Customers have been turning away from domestic brews, instead preferring pricier imports, such as Corona, appropriately, and lower-calorie alternatives like White Claw or even straight-up liquor, particularly tequila. But the affordability and larger pack sizes have helped sales of domestic brands, such as Busch Light, Miller Lite and Natural Light, surge higher.
Budget beer has boomed for two reasons: price and familiarity, according to Daniel Blake, senior director of US value brands for Anheuser-Busch. He believes shoppers were in a “stock up” mode as people sheltered in place and had to limit their trips. People were also buying “larger and more trusted brands with an emphasis on affordability,” he told CNN Business.
The category is keeping its monster-growth pace, leading to several brands launching new spiked seltzers at a dizzying clip. Last month, Anheuser-Busch launched Social Club Seltzer, a premium seltzer with cocktail flavors, like an Old Fashioned.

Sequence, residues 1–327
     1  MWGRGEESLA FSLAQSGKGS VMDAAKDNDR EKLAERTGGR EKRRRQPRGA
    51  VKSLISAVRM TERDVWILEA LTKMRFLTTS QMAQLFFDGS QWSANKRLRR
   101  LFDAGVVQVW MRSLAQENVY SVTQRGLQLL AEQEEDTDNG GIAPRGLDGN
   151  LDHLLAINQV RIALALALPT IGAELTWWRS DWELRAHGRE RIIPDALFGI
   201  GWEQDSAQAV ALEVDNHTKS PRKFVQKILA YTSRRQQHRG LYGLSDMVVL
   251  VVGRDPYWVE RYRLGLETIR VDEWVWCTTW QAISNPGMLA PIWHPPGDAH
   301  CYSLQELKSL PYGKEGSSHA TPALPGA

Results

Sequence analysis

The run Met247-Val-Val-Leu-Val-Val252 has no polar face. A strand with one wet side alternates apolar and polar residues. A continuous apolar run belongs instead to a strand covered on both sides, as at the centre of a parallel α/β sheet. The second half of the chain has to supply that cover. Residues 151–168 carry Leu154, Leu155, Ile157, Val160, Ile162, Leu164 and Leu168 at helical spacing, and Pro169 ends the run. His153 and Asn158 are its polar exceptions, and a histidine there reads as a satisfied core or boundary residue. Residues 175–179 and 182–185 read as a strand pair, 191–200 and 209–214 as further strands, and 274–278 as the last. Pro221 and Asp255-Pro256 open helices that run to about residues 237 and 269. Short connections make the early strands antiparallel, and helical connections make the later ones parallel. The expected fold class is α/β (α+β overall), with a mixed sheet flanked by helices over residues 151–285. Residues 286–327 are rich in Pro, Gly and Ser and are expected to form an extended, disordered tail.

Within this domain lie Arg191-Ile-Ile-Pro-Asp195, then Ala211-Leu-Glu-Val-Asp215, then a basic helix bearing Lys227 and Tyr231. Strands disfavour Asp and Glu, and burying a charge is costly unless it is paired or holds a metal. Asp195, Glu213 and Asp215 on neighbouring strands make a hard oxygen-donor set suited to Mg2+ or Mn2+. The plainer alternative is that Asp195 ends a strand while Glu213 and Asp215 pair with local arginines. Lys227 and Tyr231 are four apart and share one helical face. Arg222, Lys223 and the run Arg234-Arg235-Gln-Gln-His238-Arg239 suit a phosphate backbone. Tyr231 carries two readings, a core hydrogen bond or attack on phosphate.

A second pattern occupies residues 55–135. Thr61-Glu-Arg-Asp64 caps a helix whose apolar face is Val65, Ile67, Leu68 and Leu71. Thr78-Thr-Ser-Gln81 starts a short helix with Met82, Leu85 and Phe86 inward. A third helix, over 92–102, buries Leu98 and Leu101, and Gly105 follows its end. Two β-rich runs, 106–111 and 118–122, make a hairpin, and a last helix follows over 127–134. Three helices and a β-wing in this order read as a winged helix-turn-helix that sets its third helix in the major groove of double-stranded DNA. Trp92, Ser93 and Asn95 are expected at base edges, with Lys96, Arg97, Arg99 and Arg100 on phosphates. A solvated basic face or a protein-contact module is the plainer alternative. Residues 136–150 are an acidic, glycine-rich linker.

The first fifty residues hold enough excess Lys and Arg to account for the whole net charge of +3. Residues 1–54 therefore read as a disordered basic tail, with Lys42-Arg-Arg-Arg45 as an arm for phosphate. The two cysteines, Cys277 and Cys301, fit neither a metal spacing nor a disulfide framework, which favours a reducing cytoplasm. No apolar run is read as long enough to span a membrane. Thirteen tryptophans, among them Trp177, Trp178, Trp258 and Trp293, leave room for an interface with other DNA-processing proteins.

Seltzers have racked up nearly $1 billion in sales from March 7 to May 30, according to Nielsen. In comparison, spiked seltzer sales totaled $1.5 billion in all of 2019. That makes it an enviable category for large and small alcohol companies to dip their toes into, even if competition keeps tightening.
“Within the hugely successful and growing hard seltzer segment, new and ‘old’ brands alike can succeed even if their market share is relatively small or declining, because the total pool of sales of hard seltzer within US retail is growing at such a high rate,” Danelle Kosmal, VP of Beverage Alcohol at Nielsen, told CNN Business.
“As such, with new launch after new launch, manufacturers may lose market share but continue growing their sales,” she added.